work experienceMaintenance grants for poorer students will be ‘scrapped’ and replaced with a new loan system, chancellor George Osborne has announced in his Budget, deeming the grants ‘unaffordable’. 

Full-time undergraduate students from families with a household income of £25,000 or less in England and Wales are currently entitled to a grant of £3,387.

If the household’s income is £30,000, the grant falls to £2,441; at £35,000 to £1,494 and at £40,000 to £547. It is not paid once household income is more than £42,620.

The grant helps less well-off students cover living costs while at university – in England, more than half a million students receive taxpayer-funded grants, worth in total £1.57bn a year. Mr Osborne said the cost of this would be set to double to £3bn in the next decade as the cap on student numbers was lifted. ‘If we don’t tackle this problem, then universities will become under-funded and our students won’t get places, and I’m not prepared to let that happen,’ he said.

The grants are not repaid – unlike the loans which cover tuition fees of up to £9,000 a year, which graduates start to pay off when their income reaches £21,000 a year.

According to the Budget document, this will save £2.5bn of public money by 2020/21. The change will come into effect for the academic year starting September 2016, and means graduates face an even heavier burden of debt to repay when they leave higher education.

The chancellor said it was justified due to the ‘basic unfairness of asking taxpayers to fund the grants of people who are likely to earn a lot more than them’.

However, Labour’s acting leader Harriet Harman responded, ‘A Budget for working people? How can he make that claim when he is making working people worse off and scrapping grants for the poorest students?’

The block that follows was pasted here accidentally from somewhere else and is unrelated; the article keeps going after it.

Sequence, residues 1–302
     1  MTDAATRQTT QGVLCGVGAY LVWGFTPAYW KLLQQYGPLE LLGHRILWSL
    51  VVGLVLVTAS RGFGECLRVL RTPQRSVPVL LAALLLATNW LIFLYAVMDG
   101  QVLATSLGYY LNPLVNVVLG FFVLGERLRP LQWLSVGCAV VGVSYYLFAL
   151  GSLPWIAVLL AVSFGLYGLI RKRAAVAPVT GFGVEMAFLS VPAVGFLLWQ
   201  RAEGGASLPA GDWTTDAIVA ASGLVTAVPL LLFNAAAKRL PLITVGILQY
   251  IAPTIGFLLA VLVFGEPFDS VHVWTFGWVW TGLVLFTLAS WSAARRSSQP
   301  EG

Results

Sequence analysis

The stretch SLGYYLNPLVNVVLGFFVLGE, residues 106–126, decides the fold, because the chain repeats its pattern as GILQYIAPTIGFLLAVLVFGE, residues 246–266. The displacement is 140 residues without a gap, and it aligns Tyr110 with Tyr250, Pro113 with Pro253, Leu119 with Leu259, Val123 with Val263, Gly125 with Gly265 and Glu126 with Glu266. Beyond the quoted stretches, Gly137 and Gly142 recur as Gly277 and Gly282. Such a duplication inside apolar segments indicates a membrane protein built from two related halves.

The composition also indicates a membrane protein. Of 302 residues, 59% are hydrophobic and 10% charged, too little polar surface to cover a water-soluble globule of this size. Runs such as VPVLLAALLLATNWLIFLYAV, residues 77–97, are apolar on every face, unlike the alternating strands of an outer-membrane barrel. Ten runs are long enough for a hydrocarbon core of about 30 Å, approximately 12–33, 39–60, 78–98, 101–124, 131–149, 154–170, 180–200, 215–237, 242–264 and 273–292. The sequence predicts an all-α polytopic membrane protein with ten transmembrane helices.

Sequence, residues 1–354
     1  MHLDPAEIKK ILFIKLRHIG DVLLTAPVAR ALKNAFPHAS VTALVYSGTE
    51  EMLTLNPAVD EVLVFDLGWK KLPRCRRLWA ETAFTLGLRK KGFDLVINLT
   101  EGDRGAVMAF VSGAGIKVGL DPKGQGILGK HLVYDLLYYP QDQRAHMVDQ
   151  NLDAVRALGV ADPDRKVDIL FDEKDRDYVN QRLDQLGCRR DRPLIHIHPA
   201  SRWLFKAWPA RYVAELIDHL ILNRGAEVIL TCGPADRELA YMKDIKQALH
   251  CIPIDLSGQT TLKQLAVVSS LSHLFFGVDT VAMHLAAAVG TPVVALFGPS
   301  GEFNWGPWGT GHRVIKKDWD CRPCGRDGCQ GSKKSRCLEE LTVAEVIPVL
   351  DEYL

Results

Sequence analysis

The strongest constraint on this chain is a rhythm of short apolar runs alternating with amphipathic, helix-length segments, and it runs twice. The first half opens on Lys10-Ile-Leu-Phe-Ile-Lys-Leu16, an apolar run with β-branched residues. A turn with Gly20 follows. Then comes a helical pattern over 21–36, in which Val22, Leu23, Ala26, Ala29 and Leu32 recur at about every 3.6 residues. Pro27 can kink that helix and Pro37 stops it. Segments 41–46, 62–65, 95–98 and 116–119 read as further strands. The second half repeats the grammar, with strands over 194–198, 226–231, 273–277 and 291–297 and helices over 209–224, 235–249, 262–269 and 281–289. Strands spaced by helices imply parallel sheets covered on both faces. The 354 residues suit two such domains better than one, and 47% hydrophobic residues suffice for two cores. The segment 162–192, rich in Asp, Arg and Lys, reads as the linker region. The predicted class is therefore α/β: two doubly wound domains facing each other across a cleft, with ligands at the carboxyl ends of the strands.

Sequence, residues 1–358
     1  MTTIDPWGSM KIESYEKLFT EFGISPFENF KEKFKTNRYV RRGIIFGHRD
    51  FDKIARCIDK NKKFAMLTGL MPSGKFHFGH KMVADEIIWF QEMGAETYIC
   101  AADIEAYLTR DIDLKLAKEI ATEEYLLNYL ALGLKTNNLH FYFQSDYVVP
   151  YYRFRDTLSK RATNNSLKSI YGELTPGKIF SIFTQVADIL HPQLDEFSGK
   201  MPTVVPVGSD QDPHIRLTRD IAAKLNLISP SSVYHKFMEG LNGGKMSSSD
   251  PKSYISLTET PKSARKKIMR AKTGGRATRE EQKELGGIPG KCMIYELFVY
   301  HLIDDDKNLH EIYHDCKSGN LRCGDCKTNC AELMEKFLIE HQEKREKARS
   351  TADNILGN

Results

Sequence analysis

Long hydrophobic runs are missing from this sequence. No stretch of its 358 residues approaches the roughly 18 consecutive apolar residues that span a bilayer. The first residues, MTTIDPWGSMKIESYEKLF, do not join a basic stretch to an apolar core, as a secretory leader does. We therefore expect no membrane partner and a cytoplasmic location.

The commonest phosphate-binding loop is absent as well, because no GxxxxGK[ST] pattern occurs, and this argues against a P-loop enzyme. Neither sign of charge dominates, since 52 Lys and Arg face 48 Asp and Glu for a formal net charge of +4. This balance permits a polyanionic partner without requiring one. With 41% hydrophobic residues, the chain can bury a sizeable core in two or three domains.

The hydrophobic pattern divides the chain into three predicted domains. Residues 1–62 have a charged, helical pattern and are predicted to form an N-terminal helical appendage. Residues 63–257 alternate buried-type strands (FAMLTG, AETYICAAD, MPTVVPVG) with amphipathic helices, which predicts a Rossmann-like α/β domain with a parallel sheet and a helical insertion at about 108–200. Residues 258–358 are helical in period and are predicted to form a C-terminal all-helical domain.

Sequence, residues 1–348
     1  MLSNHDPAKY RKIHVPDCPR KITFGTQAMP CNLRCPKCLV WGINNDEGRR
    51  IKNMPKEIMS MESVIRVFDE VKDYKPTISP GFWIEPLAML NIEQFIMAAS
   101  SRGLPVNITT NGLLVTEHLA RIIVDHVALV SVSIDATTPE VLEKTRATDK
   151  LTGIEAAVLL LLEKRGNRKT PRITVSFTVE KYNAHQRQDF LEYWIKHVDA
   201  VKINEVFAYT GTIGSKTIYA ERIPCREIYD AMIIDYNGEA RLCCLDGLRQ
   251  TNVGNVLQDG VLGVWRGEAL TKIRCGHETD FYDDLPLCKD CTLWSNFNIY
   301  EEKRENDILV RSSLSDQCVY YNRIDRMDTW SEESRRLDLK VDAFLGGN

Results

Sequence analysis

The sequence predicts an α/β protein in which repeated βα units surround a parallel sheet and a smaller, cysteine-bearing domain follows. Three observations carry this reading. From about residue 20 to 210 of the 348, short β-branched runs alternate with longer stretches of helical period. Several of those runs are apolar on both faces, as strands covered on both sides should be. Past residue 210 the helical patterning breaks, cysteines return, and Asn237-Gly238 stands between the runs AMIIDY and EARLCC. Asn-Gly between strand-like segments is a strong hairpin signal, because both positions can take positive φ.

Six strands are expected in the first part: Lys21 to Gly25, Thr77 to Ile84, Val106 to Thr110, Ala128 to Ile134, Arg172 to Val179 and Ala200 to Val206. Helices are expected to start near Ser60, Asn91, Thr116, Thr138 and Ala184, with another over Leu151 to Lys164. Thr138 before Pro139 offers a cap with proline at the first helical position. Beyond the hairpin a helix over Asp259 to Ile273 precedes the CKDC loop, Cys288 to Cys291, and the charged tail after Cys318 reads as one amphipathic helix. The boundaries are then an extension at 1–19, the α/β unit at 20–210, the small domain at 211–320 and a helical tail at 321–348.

Ministers may ensure that students from the very poorest families still qualify for grants – for example, by reducing the cut-off point from £42,620 to £25,000. They may also announce new moves to help young people from low-income families go to university. Vince Cable, who was responsible for higher education as Liberal Democrat Business Secretary in the Coalition Government, blocked plans to convert maintenance grants into loans.

But Sajid Javid, his Tory successor and an ally of Mr Osborne, is ready to back the move as he draws up spending cuts in a department that is not protected like health, schools and overseas aid.

The proposal would be controversial with students. But Tory ministers will insist that it would maintain financial support when students most need and want it. Surveys suggest they are more worried about living costs during their studies than about repaying their loans when they find work.

Osborne also revealed that from 2017/18, universities will be able to increase tuition fees in line with inflation, beyond the current £9,000 per year cap – if they can show that their teaching is of high quality.

Sir Peter Lampl, chairman of the Sutton Trust education think-tank, said converting maintenance grants to loans could ‘put off many low and middle income students and tip the balance against their going to university’.

He added, ‘Since grants were reintroduced, there have been significant improvements in participation from full-time less advantaged students, and this will be put at risk by today’s Budget plans’.

The latest budget will have a serious impact on future graduates and could see an increase in applicants for school leaver schemes.

 

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